Moreover, militarily it was not as significant as portrayed. Samarra originally was overrun mainly by forces of the former Republican Guard allied with Islamist insurgents. During its recapture, only Islamist forces were prepared to fight, as former Republican Guard leaders had been bought off by the interim Iraqi government.
Samarra was a dry-run for Falluja which has become a national symbol of opposition to the occupation, the scene of an ignominious withdrawal of US marines in April. Relentless nightly bombing raids and attempts to foster divisions between the militias entrenched in the city have led US army strategists to believe they can win a similar victory here. But thousands of fighters occupy the city. The retaking of Samarra did not have more widespread consequences because it was achieved in such a short time. A drawn out siege of Falluja would lead to a repetition of April’s events when US military action sparked a wave of uprisings in other towns and cities. This time the effects could be even more widespread.
The Iraqi president, Ghazi al-Yawar, explained that if a new assault is carried out, Mosul, home to three million Iraqis, could explode into uprising. As a result, it was no wonder that the Bush administration ‘requested’ the redeployment of the British army’s Black Watch regiment to near Baghdad to release some US forces for the assault on Falluja.
If, as is likely, British troops get pulled into drawn out confrontations with insurgent forces and are part of military operations which result in thousands of civilian casualties, much bigger and more radical anti-war protests could become commonplace. Involvement in the Sunni Triangle could open them up to greater attack in southern Iraq as well.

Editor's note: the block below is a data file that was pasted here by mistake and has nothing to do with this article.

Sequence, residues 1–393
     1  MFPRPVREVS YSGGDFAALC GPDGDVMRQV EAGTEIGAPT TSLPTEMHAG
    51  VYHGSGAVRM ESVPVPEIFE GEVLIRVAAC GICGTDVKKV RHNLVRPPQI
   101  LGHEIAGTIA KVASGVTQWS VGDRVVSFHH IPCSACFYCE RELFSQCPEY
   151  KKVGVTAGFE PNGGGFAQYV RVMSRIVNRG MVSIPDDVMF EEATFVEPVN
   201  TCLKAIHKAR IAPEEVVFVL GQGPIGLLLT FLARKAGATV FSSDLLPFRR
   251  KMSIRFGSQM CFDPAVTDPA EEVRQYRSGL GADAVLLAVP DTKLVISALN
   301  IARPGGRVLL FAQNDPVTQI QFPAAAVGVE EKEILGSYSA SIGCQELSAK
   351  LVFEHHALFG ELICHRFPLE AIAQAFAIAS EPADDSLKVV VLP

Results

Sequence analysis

Under such circumstances, questioning among the ranks of the army, combined with an overwhelming mood to bring the troops back, will make things more difficult for British imperialism. Complaints about the lack of equipment are now being made public and, in part, reflect a questioning by the troops of the whole military operation.
This was highlighted by the arrest of 17 US army reservists for refusing to deliver fuel to troops in Taji, north of Baghdad. Those arrested explained that the fuel had already been refused by other US troops because it was contaminated with water and also because their vehicles were ‘deadlined’ – deathtraps incapable of speeds greater than 40mph and without aerial or humvee support.
Even the highest echelons of the US military have complained about equipment provision. Former head of US ground forces in Iraq, Lieutenant-General Ricardo Sanchez, wrote to the Pentagon: "I cannot continue to support sustained combat operations with rates [of equipment replacement] this low". Paul Bremer, ex-US viceroy of Iraq, complained that, during his period in Iraq, the main problem was that there were never enough troops on the ground. The latest blow to the claimed efficiency of the US high-tech war machine came from Iyad Alawi, Iraq’s prime minister, who blamed the recent killing of 50 Iraqi soldiers on the border with Syria by insurgent forces on the failure of the US forces to provide suitable training, equipment and protection to the new Iraqi army.
This does not bode well for the build-up to the elections. The agreement of Moqtadr al-Sadr’s Mahdi militia to hand in some heavy weaponry in return for cash, especially in Sadr City in Baghdad, was seen as a boost to US fortunes. This is linked to an apparent change of tactics by many of the opposition militias in relation to participation in the elections. Representatives of Grand Ayatollah Ali al-Sistani have called for all Shia groups to take part, and it appears for the moment that even al-Sadr will participate in a so-called ‘monster list’ which would include representatives of the present interim government. This may indicate that Shia leaders fear that they could lose the opportunity to entrench their political influence if they do not take part in the elections.
However, all this could be shattered if there are major civilian casualties in the attempt to take cities like Falluja or if house-to-house searches for remaining heavy weapons are undertaken in areas like Sadr City, as threatened by the government. The country remains a quagmire for US and British imperialism. The instability caused by the invasion will continue to reverberate around the world, demanding a socialist solution to the endemic chaos and violence that capitalism brings on a daily basis.